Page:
Lansing, Mich., native and former basketball star Magic Johnson has opened centers in Atlanta, Chicago, and Houston devoted to his goal of making sure every child knows how to use a computer. On May 15, he opened one in his hometown, too.
The 11th Magic Johnson HP Inventor Center at Lansing’s Black Child and Family Institute features $60,000 in equipment donated by Hewlett-Packard Co. The 17-year-old institute helps more than 3,000 adults and children each year.
“Young people need to be guided,” Johnson told the Lansing State Journal for a May 16 story. “They need to be touched. They need to know someone cares about them. They have that here.”
Johnson led his Everett High School basketball team to the state championship in 1977 and Michigan State University to the NCAA title in 1979 before enjoying a successful career with the Los Angeles Lakers.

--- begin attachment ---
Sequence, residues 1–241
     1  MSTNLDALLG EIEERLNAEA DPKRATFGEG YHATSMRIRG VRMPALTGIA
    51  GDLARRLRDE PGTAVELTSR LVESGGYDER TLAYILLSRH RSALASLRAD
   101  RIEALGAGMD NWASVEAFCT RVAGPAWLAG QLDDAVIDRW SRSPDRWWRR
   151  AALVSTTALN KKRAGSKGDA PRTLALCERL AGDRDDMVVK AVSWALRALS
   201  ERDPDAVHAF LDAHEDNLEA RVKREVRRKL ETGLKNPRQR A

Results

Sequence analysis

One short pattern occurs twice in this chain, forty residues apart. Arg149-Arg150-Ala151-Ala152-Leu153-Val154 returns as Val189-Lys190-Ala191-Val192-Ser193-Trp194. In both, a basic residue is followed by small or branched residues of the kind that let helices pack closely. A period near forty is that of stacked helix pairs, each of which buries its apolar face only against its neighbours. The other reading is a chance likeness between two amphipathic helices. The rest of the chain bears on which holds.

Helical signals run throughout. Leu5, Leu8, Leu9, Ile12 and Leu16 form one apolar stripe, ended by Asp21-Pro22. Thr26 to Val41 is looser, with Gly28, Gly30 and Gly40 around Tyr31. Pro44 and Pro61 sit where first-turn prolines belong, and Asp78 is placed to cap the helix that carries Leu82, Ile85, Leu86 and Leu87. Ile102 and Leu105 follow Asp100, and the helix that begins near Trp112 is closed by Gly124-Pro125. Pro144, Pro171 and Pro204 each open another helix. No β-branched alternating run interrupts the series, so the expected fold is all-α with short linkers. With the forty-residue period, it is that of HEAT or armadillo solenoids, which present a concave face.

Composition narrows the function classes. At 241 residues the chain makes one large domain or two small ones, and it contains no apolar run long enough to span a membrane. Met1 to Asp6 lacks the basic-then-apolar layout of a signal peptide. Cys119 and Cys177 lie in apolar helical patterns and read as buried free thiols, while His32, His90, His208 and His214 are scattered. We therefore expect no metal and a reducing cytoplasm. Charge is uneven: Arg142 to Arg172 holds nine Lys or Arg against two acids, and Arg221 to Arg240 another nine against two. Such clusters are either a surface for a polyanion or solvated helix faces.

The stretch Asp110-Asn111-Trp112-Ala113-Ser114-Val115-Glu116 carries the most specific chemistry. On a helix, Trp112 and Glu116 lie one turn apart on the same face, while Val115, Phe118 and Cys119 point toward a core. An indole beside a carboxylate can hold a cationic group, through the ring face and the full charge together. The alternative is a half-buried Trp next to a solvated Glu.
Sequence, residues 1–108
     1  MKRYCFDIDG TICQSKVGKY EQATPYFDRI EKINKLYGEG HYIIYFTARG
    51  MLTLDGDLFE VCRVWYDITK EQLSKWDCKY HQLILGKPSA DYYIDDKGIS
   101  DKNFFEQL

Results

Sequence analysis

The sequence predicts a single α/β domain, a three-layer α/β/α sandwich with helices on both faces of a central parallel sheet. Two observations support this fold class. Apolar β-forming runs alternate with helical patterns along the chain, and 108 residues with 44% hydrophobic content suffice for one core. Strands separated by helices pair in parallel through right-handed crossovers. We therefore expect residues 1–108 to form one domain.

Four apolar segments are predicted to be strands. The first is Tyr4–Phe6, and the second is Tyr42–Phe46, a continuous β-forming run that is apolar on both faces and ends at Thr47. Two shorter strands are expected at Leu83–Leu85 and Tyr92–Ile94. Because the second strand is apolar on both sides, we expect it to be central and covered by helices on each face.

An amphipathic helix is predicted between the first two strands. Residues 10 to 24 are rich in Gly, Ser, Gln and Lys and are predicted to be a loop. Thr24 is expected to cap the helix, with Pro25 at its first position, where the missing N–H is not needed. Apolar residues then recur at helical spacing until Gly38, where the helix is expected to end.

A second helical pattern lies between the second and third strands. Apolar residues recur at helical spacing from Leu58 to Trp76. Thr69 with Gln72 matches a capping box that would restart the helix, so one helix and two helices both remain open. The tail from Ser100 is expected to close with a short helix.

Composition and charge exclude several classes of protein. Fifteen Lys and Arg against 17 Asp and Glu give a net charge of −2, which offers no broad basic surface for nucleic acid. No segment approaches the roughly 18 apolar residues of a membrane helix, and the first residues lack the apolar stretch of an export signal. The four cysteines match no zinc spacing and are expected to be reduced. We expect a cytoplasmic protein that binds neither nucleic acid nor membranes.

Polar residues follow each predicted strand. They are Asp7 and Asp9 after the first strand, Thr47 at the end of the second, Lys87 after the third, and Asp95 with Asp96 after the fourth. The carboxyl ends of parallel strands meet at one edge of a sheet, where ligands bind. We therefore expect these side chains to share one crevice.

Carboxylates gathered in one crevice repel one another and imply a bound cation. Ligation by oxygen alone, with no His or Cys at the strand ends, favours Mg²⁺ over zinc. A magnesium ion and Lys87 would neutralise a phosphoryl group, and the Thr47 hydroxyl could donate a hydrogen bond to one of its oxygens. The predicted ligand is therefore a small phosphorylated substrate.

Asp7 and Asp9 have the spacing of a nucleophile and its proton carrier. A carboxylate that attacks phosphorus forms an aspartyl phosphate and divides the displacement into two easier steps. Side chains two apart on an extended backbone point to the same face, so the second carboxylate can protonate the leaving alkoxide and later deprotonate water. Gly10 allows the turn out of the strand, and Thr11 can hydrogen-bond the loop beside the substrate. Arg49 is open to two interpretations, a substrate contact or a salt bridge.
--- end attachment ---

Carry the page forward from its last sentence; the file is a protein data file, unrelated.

“It’s one of the most wonderful things to happen since Magic was on the basketball court,” Lansing resident Claudine Walker said about the center.
Ten-year-old Kris Pratt wasted no time exploring one of the new computers.
“They’ve got a whole bunch of stuff kids can use,” the youngster said, already thinking of the possibilities. “If you have to write an essay, you don’t have to use a pencil and write it down.”
The center’s goal is to provide opportunities for people who don’t have access to the internet or aren’t computer savvy. Particularly at risk are certain minority groups, the elderly, and people with disabilities, program personnel explained.
The centers are part of a partnership between HP and the Magic Johnson Foundation. Five more are planned, including centers scheduled to open in Cleveland and Baltimore.
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